Most of my clients and friends around midlife express the wish that they had more time. Time for the things they want to do. Time to exercise. Time for hobbies. Time for family and friends.
This constant feeling of a lack of time causes ongoing stress. It can leave us feeling dissatisfied with our lives. After all, it is not unreasonable to expect time for these activities; it is imperative for our health and well-being.
Somehow, we now believe that our work should take priority over every other aspect of our lives. We live to work instead of working to live.
The irony is that we all know we cannot create more time. So, it means we need to use our finite hours better. For those in midlife, it is especially important to figure out how to reshape their lives so they can work on their health and well-being, which can even help us extend our careers more enjoyably and set the foundation for a healthier old age.
I developed my own way of thinking about work-life integration after reading Stephen Covey’s book, First Things First, on time management years ago. It starts with acknowledging that you need to schedule what’s important. For example, relationships with your parents or children are important. There’s a limited time frame on this priority. Yet, people don’t prioritise it because it doesn’t feel urgent. But it’s not something you can put off indefinitely, the prioritising of relationships. Your parents die, and your children leave the nest.
The same applies to your health, and unfortunately, some damage due to neglect can never be repaired.
Work-life integration is about weaving all the aspects of a healthy life together into the minutes, hours, days, and months of each year that you have. It means that you must schedule, in advance, what’s important. Carve out time for those activities that increase joy or help you manage stress, like hobbies. Doing this often improves your productivity and job satisfaction.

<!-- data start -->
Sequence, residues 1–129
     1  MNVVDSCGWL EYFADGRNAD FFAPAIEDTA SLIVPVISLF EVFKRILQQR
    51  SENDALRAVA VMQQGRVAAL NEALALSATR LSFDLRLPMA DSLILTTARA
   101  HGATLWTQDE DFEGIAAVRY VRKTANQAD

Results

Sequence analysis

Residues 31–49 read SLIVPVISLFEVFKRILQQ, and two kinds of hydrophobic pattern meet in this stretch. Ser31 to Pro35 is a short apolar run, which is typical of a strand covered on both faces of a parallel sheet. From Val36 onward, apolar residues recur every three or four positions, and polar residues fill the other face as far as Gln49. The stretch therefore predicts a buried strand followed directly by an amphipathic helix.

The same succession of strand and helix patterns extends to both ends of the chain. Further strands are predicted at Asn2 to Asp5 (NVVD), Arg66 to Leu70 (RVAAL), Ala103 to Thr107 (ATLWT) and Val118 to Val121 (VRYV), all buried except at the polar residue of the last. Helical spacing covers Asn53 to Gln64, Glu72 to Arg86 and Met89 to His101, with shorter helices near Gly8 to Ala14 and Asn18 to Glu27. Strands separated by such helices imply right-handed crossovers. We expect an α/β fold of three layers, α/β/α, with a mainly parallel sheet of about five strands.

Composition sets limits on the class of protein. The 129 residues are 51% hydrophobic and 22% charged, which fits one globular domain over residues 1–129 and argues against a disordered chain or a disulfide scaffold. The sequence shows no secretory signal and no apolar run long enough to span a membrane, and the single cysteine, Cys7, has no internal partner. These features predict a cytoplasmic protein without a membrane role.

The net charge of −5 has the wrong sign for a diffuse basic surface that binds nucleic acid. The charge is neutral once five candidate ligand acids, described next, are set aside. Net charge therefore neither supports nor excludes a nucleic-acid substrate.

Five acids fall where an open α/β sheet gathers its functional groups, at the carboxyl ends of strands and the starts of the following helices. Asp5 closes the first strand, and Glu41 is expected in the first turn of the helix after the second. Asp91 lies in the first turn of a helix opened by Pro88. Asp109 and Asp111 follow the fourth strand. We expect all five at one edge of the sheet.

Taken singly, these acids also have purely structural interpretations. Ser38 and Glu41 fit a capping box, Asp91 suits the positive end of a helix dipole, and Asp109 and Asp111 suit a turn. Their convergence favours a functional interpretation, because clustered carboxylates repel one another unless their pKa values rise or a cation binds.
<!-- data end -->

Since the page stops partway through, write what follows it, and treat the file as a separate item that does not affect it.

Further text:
Recently I carved out a mid-week early morning hike. I start work an hour later on that morning, but I feel so productive for that day, that I probably gain time. I always feel invigorated and joyful. It gives me a boost for the rest of the week.
Not everyone has this freedom. However, not everyone who feels stuck lacks options. It is often our own choices that stand in our way to a richer life. I have for many years deliberately chosen to work in a way that gives me this freedom. For example, I have chosen to have fewer clients than most of my peers. We have outsourced many aspects of our business. Over the years, all these decisions have contributed to our team's flexibility. We don’t always get it right and there are times when work takes priority but it’s not our normal.
This ability to arrange our time is one of the most empowering and important aspects for people in midlife. How can you gain that ability? What must you outsource to carve out time? What must become non-negotiable for you? How can you bring back joy to your work?
You may have financial wealth or may be working hard towards it, but without the time to enjoy it now or in the future, it is useless. How can you win with your time?